Learning How to Forget:Lessons of a Care Taker

Will - Minneapolis, Minnesota
Entered on February 21, 2008
Age Group: 18 - 30
Themes: family, illness, love

“Mom, you asked me that five seconds ago,” I said, “I didn’t move your purse.” She looked around in desperation while the anger I felt in my stomach overflowed throughout my torso. I stormed from the kitchen, leaving her to search, and research the same cabinets and closets without any help. A few minutes later, my mother’s face came into view like the sun popping above the horizon. She stared at me and looked saddened by the swollen, tear soaked demeanor of my face. “Why are you crying?” she said. “You,” I answered in a venomous tone. She simply looked away and left the room. A few minutes later, sobs came from my parent’s room. I went to see what my words had done. Crumpled on the bed, shaking with each sob, sniffling the rivers of unending tears back into her head, my mother looked up and didn’t say a word. “What?” I demanded in a heated voice. “Why do you always start these things and act like it’s my fault?” She just kept looking, crying, and wondering. “What did I even do?” she stammered into her hand. “I’m sorry you got stuck with me for a mom.” I just stared into the watering wells that led to the soul of the women lying in front of me. I knew she would not even remember this in ten minutes. I left the room.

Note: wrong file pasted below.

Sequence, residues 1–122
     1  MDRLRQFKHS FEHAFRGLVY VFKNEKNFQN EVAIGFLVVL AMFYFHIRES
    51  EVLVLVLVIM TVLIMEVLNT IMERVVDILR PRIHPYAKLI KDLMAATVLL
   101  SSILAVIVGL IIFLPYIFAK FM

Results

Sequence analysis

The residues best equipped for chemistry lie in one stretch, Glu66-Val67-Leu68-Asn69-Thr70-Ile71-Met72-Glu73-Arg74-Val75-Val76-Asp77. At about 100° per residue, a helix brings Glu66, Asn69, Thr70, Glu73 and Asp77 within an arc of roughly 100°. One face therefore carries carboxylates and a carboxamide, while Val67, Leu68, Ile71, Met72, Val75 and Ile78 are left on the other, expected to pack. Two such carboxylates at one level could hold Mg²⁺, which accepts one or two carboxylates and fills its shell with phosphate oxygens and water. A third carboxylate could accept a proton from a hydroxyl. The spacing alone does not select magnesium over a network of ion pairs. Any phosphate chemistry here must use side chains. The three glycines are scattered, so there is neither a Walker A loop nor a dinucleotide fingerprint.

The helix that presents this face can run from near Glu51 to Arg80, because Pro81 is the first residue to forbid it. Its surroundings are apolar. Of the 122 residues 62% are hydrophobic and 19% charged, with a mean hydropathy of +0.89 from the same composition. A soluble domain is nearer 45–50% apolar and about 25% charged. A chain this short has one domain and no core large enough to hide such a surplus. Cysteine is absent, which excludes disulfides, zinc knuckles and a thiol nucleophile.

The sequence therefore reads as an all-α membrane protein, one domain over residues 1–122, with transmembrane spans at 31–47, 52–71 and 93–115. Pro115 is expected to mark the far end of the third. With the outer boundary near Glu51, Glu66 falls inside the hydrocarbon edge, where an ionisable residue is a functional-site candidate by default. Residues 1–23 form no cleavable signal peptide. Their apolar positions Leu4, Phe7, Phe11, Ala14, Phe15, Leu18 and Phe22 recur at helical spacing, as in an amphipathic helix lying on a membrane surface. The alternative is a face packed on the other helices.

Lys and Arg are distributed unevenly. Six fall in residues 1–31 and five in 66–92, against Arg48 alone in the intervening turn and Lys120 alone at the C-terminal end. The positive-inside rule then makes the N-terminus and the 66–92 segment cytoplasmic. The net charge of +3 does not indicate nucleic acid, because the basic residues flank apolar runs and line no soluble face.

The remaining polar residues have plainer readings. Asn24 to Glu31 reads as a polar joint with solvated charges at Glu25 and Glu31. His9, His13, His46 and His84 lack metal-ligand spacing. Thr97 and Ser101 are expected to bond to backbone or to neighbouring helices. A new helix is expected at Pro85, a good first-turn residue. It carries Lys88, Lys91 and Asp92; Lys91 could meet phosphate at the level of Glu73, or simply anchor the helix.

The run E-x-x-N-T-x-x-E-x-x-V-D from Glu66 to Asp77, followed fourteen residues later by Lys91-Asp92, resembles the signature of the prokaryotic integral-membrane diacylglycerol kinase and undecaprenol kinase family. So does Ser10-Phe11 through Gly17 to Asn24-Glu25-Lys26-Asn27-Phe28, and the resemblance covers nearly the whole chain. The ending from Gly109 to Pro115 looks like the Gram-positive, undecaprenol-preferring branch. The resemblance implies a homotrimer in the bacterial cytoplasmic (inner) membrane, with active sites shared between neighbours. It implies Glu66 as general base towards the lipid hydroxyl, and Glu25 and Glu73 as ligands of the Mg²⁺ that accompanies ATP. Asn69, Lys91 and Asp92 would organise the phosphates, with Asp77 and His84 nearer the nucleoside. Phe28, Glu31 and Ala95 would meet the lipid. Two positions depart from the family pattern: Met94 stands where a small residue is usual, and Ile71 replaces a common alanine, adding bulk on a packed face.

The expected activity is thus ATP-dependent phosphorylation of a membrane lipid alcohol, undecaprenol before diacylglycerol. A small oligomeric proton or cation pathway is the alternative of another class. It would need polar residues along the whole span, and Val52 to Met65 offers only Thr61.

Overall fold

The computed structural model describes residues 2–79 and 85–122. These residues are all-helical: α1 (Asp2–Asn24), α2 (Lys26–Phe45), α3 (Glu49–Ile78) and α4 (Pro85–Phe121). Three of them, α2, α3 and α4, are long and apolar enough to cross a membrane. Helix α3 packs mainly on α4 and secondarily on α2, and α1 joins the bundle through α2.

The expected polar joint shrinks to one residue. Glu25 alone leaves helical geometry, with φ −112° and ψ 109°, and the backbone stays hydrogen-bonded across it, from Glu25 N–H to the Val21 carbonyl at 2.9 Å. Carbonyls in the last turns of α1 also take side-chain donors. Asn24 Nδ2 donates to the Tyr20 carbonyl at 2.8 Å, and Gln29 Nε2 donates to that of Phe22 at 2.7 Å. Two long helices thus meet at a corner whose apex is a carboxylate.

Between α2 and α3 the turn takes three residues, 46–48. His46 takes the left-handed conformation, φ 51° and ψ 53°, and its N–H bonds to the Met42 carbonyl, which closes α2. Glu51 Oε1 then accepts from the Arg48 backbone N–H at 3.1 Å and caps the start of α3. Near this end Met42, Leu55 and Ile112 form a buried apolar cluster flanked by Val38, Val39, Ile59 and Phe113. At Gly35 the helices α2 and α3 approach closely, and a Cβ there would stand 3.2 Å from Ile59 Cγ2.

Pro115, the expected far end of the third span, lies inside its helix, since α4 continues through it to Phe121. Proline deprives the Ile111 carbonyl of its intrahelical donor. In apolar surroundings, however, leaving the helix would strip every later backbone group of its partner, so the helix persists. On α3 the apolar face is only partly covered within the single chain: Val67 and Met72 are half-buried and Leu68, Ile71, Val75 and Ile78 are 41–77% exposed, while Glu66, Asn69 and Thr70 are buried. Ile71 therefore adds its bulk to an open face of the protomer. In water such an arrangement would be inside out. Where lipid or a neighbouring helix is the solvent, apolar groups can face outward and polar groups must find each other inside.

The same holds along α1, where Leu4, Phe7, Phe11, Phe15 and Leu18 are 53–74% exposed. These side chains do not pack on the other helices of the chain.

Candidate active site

My biggest fear is losing a grip of that which I care about most. A common fear when one first hears it, but when I say the word grip I mean control, contact, and most of all, understanding. For someone who needs organization as much as I do, my mother’s diagnosis with Early Onset Alzheimer’s Disease three years ago could not have been any worse. My reaction in the conversation mentioned in this essay truly shows my biggest fear; however, it is also a way to show how I came to one of my strongest beliefs.

Throughout the past few years, my life has undoubtedly become harder. My mother, who cannot drive anymore because of her disease, needs rides places. Getting ready to go out the door takes an hour, and conversations include questions that have been asked multiple times. But perhaps the process of growing is not supposed to be easy. Throughout these trials, I have learned the only thing that I can say with certainty that I believe: true understanding comes not from logical thought that encourages the philosophy of blame and perpetuates the fallacy of cause and effect, rather, it comes from one’s ability to love without sight or judgment. Although anger is inevitable, with this belief I know the actions of my mother are lovable no matter what. I used to think that her actions were irrational and therefore annoying, however, it is now clear to me that her way of acting is how one truly understands another person. Many think that her loss of memory is a curse, but I say that she has been blessing to so many people through her teaching this lesson. Weather she knows it or not, learning how to forget is something that we all must do in order to truly understand one another. The love that sustains us is blind to our actions; we should be too.